Editor: You have recently discussed the Dodd-Frank sweeping disclosures required of the oil, gas and mining industries. Please acquaint our readers with the far-reaching nature of these disclosures.
Culotta: The U.S. tendency toward what I call moral regulation is inherent in our culture, and it really is the better part of our nature that gave rise to laws like Dodd-Frank. You can clearly see our moralistic side emerging in the Cardin-Lugar amendment, in its requirement that natural resource extraction companies disclose their payments to the U.S. and foreign governments in a manner that is intended to be complementary to the Extractive Industries Transparency Initiative. On one level this is counter to the practice in the industry in that members of the oil, gas, and mining industries negotiate with governments in a competitive environment. A government typically holds title to the mineral resources in the ground, needs the expertise and capital of foreign partners to extract them, and offers a concession to the foreign partner that makes it the best offer. The record of payments made by such investors has typically been confidential. Now that it’s not, foreign competitors (themselves not subject to such requirements) will use that information to gain competitive advantage.
The irony is that the purpose of the legislation is not so much to keep American companies honest – for that we already have moralistic laws like the Foreign Corrupt Practices Act. Rather, it’s to make these foreign governments accountable to their own populations. We Americans think every individual in the world ought to enjoy a level playing field and a representative government. It’s an admirable – if outsized – ambition to think we can cause it to happen by forcing our own companies into competitive disadvantage. One part of me really doesn’t like these requirements for the gratuitous mischief they wreak on smaller businesses. Another part worries about the effect of all the administrative burdens of these laws raising the costs of commodities we need. But look at the FCPA 25 years on -- it is now reflected in the laws of all industrialized countries and has truly set a new norm for our competitors as well as U.S. companies. So part of me wants to be patient.
Editor: There have been many innovations in technology for extraction industries over the most recent years. Which innovations will have the most far-reaching implications for extractive industries?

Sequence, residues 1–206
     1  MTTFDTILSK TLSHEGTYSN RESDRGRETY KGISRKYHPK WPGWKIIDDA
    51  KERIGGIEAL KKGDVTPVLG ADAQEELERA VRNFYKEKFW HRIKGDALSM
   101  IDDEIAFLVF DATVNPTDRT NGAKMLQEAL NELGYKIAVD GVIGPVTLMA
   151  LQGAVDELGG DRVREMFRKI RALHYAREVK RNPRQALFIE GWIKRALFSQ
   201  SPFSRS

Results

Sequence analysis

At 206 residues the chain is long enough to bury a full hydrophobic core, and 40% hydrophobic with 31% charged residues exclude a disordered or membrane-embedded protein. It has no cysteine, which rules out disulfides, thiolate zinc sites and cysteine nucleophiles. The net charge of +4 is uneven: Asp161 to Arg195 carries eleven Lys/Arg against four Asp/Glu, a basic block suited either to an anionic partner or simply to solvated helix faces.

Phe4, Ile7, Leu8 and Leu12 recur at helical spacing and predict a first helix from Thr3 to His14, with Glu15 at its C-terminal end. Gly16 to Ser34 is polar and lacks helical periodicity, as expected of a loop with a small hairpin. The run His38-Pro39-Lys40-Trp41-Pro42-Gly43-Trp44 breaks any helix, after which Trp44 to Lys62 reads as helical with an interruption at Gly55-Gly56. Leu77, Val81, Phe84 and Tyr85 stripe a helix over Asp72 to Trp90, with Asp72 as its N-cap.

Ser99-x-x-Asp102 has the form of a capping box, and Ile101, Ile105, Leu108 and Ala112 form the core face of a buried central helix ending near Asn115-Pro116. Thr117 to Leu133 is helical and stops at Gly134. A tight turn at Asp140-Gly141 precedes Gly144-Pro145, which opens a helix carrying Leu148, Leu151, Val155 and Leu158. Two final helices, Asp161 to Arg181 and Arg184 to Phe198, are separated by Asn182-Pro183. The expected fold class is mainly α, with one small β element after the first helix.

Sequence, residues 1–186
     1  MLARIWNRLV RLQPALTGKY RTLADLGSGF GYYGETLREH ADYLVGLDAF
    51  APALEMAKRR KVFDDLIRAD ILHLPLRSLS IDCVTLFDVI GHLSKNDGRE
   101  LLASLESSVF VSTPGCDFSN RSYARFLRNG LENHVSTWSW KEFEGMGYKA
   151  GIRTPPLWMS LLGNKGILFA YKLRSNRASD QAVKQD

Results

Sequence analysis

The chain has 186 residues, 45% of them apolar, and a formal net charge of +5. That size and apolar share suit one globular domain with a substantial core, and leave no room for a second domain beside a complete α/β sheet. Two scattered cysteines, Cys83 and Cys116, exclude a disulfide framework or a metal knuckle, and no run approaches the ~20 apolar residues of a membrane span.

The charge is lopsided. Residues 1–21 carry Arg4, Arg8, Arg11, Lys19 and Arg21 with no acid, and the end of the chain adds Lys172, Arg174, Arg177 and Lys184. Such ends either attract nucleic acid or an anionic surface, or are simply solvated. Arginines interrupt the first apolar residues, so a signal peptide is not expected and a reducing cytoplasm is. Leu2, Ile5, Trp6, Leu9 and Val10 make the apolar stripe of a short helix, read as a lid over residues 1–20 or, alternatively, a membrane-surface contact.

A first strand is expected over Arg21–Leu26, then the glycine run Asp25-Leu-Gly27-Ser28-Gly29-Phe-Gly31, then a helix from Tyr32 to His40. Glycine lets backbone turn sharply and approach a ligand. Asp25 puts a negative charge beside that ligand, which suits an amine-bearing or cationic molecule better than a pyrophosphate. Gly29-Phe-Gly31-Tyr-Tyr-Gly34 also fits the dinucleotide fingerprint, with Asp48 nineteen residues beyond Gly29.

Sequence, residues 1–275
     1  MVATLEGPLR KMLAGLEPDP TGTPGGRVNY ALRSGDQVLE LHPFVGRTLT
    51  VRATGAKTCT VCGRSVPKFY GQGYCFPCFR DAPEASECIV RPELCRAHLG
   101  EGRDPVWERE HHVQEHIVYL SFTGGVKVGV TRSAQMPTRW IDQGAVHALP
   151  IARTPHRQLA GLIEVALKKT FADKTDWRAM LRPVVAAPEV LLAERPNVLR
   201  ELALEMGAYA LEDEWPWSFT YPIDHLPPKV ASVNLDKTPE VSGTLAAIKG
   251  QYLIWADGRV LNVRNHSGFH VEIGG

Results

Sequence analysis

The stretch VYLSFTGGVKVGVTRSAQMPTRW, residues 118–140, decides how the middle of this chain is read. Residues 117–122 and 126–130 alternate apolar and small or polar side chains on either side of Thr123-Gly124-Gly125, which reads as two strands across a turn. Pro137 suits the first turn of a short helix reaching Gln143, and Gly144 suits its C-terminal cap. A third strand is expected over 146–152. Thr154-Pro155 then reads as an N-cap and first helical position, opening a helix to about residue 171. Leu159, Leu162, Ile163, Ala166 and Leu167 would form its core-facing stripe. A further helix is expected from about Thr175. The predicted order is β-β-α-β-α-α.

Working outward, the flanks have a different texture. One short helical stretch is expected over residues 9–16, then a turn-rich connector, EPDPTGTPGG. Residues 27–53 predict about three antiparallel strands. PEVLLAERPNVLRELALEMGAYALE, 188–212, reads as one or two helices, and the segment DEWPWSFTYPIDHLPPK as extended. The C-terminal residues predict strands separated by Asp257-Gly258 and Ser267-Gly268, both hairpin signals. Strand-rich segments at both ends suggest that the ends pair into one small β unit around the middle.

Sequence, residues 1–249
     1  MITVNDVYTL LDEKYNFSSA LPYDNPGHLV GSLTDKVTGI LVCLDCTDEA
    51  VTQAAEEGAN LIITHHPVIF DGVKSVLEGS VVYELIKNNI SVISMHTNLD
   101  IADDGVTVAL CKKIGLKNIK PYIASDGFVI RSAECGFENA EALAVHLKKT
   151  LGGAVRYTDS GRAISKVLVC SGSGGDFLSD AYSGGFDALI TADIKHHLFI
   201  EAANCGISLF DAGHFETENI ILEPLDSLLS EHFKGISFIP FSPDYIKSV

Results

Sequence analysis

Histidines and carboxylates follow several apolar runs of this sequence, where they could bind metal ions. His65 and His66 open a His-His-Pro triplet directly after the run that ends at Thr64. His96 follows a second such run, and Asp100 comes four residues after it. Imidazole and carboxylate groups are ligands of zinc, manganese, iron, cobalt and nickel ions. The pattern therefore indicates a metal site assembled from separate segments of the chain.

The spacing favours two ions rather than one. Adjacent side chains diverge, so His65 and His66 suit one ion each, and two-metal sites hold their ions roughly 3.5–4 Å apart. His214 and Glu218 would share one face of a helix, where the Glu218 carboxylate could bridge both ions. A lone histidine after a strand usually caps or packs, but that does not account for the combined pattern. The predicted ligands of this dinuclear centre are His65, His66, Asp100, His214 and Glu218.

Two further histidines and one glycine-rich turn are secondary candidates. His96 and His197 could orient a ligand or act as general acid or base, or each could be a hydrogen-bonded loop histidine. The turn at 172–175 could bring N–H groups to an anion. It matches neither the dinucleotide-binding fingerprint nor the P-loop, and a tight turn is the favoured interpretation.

Culotta: The single most impactful technological development of the last 25 years is the genius of George Mitchell, a Texas oil and gas man, who in the ’90s – in his 70s! – became seriously interested in hydrofracking and horizontal drilling. While K&S was working on U.S. LNG import terminals 10 years ago, everyone in the industry firmly believed the U.S. would become a net gas importer by 2012. It was nearly universally believed that our production capability was irreversibly in decline, and it would be necessary to import gas. Meanwhile, on a lonely stretch of highway, Mitchell was exploring tight gas formations like the Barnett shale, perfecting these techniques. When they combined fracking with horizontal drilling, the shale revolution was born. Suddenly this non-permeable rock layer could be exploited economically.
Why is this so big? Because there are unexploited shale formations everywhere. Because suddenly many more countries can become producers, making gas supplies cheaper and more secure for more people. And it’s changing the dynamic in countries that are traditional producers. In our own domestic gas supply system, it’s changing the economics of long-haul pipelines, pushing gas prices down to historic lows, bringing manufacturing industries back to this country. And the rest of the world is just getting started with it. We’re fortunate to be working in this space in a time of such dynamic change.
Editor: While the developments in removing hydrocarbons from shale formations in the U.S. and Canada are moving apace, why has this technology not been developed on other continents?